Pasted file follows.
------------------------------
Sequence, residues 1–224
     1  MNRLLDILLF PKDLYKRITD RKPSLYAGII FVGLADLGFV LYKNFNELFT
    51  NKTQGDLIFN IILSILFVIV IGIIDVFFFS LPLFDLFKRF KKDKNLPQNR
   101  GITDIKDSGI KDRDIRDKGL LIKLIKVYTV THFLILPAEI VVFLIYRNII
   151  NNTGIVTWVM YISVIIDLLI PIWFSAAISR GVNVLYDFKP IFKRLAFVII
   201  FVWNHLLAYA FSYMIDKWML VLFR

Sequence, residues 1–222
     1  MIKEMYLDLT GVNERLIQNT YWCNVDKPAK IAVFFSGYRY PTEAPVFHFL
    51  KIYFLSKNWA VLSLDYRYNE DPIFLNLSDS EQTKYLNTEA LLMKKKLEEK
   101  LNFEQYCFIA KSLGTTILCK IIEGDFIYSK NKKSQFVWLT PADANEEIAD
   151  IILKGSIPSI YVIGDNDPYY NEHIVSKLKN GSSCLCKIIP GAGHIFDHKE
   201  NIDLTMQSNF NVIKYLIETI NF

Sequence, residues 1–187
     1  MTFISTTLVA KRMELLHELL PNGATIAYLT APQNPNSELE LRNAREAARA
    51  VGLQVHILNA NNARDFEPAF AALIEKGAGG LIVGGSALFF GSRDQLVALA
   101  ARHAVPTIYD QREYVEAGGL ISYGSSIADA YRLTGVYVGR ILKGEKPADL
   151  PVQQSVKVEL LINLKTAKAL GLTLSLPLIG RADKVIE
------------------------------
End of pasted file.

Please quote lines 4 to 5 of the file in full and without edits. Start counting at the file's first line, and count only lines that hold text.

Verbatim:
   101  GITDIKDSGI KDRDIRDKGL LIKLIKVYTV THFLILPAEI VVFLIYRNII
   151  NNTGIVTWVM YISVIIDLLI PIWFSAAISR GVNVLYDFKP IFKRLAFVII